Experts date the transition of aquatic organisms to dry land somewhere between 450 and 500 million years ago. Before plants and animals could take hold, there needed to be nutrients and soil to support them. Fungi are thought to have provided the necessary conditions.
Martin Smith, now at Durham University in the United Kingdom, reports on work he performed while at the University of Cambridge on the identification of the oldest fossil of a land organism, a fungus called Tortotubus protuberans, dating from the Silurean period of the Paleozoic era, about 440 million years ago. The work has been published in the Botanical Journal of the Linnean Society. The morphological characteristics and growth pattern indicate the existence of differentiated mycelium, reminiscent of those of higher fungi (Dykaria), although he did not find evidence of the existence of fruiting bodies.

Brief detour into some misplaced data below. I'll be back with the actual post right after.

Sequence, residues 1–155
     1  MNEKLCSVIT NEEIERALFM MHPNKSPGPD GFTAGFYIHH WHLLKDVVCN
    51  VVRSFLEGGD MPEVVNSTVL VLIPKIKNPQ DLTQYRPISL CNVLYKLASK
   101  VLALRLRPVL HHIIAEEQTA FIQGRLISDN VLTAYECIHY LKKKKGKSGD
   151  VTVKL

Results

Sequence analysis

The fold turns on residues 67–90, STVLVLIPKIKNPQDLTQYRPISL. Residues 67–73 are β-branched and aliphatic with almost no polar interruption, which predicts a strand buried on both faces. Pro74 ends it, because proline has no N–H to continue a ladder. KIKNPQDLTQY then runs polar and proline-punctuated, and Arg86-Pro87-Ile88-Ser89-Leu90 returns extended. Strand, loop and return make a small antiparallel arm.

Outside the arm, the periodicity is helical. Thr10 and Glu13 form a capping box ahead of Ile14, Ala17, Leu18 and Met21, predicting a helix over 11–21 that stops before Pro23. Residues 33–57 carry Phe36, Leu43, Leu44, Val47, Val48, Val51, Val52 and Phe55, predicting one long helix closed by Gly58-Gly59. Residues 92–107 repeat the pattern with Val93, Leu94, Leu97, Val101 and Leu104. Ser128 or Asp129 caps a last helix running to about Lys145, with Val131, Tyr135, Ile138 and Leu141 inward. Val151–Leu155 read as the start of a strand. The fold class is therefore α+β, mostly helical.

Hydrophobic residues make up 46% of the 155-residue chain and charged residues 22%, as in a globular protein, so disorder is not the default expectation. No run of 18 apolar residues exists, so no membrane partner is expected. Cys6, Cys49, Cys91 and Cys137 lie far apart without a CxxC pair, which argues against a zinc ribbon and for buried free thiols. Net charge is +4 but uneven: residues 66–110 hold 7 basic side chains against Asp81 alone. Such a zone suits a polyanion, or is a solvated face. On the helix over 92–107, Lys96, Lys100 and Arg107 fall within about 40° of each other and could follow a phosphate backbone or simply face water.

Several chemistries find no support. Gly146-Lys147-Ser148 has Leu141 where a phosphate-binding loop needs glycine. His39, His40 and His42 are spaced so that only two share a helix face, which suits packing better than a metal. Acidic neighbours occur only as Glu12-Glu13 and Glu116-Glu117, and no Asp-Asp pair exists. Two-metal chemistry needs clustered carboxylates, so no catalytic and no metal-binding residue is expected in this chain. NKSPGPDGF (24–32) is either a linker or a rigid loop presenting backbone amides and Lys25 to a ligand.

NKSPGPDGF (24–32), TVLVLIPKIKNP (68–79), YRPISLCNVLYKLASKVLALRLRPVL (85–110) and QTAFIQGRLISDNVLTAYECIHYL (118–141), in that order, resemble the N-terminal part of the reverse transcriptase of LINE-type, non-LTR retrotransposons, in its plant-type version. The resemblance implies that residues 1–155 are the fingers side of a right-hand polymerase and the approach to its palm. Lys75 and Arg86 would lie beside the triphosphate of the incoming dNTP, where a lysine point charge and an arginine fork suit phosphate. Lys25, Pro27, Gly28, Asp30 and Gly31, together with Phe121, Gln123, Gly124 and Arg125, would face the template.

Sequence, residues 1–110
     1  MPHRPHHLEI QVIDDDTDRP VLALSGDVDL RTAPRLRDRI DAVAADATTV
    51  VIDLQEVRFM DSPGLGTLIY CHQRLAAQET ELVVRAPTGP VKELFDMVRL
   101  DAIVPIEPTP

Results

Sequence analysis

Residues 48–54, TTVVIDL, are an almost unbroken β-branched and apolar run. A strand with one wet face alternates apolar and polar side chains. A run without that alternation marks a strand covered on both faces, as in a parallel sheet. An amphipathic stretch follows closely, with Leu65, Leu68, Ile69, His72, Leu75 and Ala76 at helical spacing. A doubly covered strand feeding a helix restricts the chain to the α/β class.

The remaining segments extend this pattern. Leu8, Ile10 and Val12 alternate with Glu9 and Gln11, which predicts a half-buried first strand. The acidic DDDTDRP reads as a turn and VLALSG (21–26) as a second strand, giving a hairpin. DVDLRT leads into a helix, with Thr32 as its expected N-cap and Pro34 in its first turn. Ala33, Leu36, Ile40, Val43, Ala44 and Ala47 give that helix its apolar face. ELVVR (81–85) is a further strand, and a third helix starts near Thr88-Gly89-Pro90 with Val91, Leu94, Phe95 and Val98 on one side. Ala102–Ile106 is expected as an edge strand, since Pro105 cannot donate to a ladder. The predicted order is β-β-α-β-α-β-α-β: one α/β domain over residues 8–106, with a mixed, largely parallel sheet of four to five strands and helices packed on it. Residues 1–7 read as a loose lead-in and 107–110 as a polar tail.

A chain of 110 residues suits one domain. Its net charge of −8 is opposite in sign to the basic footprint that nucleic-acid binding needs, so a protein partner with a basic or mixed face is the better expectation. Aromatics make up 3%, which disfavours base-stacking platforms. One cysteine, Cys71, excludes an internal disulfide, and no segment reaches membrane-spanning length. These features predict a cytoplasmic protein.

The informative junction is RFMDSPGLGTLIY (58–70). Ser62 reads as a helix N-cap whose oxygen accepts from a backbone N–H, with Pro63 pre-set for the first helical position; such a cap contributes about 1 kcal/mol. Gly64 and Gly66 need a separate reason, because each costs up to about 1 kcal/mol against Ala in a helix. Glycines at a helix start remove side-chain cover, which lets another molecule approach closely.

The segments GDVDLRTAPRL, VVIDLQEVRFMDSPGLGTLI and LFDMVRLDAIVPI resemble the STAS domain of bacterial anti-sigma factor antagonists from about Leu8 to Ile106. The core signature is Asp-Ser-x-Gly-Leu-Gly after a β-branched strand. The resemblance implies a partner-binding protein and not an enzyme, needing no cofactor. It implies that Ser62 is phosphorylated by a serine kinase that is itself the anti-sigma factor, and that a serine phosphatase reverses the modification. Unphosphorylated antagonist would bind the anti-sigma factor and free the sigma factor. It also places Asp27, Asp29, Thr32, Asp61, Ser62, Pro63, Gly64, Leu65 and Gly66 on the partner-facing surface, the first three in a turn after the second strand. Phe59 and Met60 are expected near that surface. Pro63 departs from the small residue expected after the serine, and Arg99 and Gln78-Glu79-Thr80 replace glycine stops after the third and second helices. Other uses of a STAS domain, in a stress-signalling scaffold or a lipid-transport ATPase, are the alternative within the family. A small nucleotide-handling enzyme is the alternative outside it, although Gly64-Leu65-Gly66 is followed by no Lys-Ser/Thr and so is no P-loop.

Before Tortotubus or its ancestors colonized dry land, other simple organisms -probably bacteria and algae, of which there rarely is a fossil record- must have done so. They, would have provided food for this fungus, who in turn produced nitrogen and oxygen in the rudimentary soil.
This grandfather of fungi on dry land, smaller than the width of a human hair, was all over the news yesterday. Some of the coverage was in BBC News, Ars Technica, ABC News, Newsweek, Sci News, Voice of America... Not bad for a little fungus! And they say old is not beautiful...